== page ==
Historical Marker #2197 in Lexington commemorates the Sayre Female Institute which is now the Sayre School. The school was founded in 1854 by David Austin Sayre for the education of young women. Sayre believed that women deserved an "education of the widest range and highest order." Originally named Transylvania Female Institute, the school was renamed in honor of Sayre in 1885.
The school's original curriculum included French, Latin, German language and literature, and vocal and instrumental music, which were typical courses of study for women in that era. But, true to Sayre's educational philosophy, other classes offered by the school included algebra, geometry, trigonometry, geology, chemistry, astronomy, history, English literature, and philosophy. These courses were somewhat of a departure from the traditional female academies which primarily focused on music and languages.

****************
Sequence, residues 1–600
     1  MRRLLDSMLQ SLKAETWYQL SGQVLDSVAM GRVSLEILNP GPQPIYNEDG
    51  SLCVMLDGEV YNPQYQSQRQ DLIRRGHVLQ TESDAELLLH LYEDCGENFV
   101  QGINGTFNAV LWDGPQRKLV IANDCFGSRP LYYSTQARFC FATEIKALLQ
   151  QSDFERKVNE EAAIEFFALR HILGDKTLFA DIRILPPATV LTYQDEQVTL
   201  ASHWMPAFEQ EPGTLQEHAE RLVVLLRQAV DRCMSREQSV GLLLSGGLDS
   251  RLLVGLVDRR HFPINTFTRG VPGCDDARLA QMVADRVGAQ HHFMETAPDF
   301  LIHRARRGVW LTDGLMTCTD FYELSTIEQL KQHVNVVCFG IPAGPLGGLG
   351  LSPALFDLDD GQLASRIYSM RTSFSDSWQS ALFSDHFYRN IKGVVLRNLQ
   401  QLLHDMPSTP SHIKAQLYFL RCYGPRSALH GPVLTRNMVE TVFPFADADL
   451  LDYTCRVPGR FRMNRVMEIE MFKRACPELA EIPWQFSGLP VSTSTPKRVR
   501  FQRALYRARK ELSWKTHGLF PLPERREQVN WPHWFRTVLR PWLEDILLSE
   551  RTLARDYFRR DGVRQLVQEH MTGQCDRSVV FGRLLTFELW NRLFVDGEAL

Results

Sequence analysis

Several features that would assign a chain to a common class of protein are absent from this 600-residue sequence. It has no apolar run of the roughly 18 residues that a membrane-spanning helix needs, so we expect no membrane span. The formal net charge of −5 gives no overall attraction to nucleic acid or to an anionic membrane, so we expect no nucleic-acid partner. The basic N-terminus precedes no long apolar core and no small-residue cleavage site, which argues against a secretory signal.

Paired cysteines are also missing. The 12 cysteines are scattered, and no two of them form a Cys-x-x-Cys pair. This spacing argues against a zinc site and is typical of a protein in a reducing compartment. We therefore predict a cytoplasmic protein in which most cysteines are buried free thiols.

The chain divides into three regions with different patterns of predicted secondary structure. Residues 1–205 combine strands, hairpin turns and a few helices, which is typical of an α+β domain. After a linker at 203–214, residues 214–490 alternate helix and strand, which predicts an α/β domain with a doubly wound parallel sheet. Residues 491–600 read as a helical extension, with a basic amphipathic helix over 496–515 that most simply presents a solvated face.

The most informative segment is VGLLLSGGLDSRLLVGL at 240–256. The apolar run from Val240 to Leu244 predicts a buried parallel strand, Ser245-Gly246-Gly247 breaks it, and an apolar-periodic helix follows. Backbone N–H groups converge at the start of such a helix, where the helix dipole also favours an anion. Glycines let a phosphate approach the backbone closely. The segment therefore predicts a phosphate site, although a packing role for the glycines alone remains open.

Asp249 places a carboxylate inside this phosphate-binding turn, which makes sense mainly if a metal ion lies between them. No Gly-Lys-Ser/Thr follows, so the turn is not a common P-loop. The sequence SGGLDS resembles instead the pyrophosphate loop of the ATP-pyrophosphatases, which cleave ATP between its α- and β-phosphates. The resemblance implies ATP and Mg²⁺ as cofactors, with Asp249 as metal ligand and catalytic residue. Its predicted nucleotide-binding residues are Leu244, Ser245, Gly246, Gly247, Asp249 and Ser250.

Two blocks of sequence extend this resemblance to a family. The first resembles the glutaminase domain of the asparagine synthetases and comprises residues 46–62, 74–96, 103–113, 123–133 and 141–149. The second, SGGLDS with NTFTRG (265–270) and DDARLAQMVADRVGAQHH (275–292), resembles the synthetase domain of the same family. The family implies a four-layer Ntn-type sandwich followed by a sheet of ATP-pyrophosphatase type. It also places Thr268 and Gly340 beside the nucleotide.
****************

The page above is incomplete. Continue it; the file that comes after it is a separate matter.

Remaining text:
The Sayre Female Institute survived the Civil War years. In fact, during this tumultuous time future Kentucky suffragist Laura Clay enrolled in the institute in the fall of 1863. Clay was at the school in June 1864, when General John Hunt Morgan and his Confederate cavalry held Lexington for a short period of time. After completing her education at Sayre, Clay attended finishing school in New York. She eventually attended one year of college at the University of Michigan and one semester at State College of Kentucky. She soon departed in order to focus on working for women's rights.
The serious academic curriculum that Laura Clay received beginning at the Sayre Female Institute may have influenced her pursuit of a more public life versus the traditional domestic life expected of women during this period.
The Sayre School still exists today as an independent coeducational college preparatory school serving grades preschool through twelfth grade.